What has personality got to do with customer service? Can a sound understanding of the customers’ personality really increase the quality of interactions with them as a service provider? The answer is a resounding yes.
According to the Myers-Briggs Type Indicator (MBTI), a psychometric assessment tool developed by Katharine Cook Briggs and Isabel Briggs Myers to expand on ideas about personality that were first proposed by Carl Jung, all of us have innate preferences attributing to personality types. Jung asserted in his research that up to age 14, we develop our preferences in how we want to interact with the outer world, how we take in information, how we make decisions and how we enjoy closure or options. There are four dichotomies in the MBTI. The first dichotomy is Extroversion and Introversion (E and I). The second dichotomy relates to Sensing and iNtuition (S and N). The third dichotomy is about Thinking and Feeling (T and F). The final dichotomy pertains to Judging and Perceiving (J and P).
Everybody has a tendency to be either extroverted or introverted in their preferences. They can either be sensing or intuitive in the way they take in information. At the same time, everybody leans towards either the preference of thinking in their decision-making or that of feeling, that is, making decisions based on how they or other people feel. And finally, one can also primarily experience the judging characteristic, meaning that one enjoys closure, structure and getting things done, or the perceiving characteristic, which relates to a person’s preference for exploring options. Hence, the first dichotomy is about energy, the second is about information taking, the third explains decision-making methods and the final dichotomy is about how we enjoy closure with the outer world.
Imagine an extroverted service provider engaging an introverted customer. If both parties interact based on their innate preferences, this can be quite a challenging situation. An extroverted service provider tends to draw energy from interaction and will thus speak more, compared to his introverted customer. This could result in the extroverted service provider intimidating an introverted customer.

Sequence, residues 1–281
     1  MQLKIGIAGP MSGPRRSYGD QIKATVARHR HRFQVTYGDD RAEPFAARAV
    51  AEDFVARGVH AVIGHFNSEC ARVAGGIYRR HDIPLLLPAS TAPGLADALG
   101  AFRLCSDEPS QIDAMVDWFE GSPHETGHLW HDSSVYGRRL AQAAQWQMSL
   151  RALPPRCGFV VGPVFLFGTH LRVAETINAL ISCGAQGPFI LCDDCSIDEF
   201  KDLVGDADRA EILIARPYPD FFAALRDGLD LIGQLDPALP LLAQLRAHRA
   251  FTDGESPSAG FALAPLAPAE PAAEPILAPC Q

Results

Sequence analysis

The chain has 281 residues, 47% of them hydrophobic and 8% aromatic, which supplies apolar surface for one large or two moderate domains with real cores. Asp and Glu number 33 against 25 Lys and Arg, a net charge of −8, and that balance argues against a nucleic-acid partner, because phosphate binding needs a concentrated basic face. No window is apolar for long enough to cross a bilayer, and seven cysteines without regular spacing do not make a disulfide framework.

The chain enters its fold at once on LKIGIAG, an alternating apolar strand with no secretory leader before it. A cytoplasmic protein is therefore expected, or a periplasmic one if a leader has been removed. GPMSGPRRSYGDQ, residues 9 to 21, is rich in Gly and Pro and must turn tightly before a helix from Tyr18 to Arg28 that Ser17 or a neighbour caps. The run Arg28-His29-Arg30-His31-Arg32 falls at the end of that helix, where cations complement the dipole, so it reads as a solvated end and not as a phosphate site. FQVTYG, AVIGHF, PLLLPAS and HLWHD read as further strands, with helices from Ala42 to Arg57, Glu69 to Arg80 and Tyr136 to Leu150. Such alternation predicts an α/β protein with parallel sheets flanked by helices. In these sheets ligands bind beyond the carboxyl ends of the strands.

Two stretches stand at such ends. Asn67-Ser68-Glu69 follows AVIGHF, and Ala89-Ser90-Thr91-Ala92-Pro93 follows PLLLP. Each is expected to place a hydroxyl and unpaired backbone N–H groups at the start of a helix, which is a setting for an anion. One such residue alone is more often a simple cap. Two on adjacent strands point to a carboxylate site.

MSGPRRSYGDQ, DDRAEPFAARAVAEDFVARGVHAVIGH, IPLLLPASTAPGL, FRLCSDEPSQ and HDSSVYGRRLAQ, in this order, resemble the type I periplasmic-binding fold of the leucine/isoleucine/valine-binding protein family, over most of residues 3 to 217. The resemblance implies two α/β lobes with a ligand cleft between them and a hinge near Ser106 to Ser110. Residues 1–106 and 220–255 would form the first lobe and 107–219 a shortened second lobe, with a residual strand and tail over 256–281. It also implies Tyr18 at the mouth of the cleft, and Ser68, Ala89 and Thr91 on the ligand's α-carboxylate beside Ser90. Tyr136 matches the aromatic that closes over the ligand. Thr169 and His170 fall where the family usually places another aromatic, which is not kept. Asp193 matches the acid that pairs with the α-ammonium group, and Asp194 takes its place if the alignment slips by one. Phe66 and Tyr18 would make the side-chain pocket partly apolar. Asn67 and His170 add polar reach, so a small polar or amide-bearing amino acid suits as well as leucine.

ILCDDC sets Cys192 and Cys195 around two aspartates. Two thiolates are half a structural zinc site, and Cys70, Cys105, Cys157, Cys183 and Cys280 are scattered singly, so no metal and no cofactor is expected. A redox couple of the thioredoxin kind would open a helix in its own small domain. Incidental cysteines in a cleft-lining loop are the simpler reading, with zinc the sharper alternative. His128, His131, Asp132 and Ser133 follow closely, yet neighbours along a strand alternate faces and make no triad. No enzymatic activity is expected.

It is important for service providers to understand that both E and I have different preferences in the way they relate and draw energy from others. Hence, service providers must learn to appreciate how the ‘E’s and ‘I’s tend to react during an interaction. An extroverted service provider, when meeting a customer with the introverted preference, must allow time for the customer to reflect and respond to the questions that might be raised. He/she should allow space for the customer to have privacy and to think. In a retail situation where a customer is approached by an extroverted service provider with a loud, “Hello, how can I help you?” the energy that is exuded by the service provider could frighten off the introverted customer; given a choice, the customer would prefer to be left alone to think and not to be “intruded upon” by the series of questions posed to them. So knowing how an introverted customer would prefer to be engaged is the key to effective engagement.
To find out more about how the other three dichotomies in the MBTI can impact customer interactions, pre-order your copy of Real Service here!
Real Service, authored by Dr. Peter Cheng, is a comprehensive and practical guide to the various behaviours at an individual, team and organisational level that impact the quality of service, angled from the holistic point of view of organisation development. The book is available for sale via this webpage and will also be in all major bookstores by mid August.
Real Service retails for SGD $28. Price excludes postage.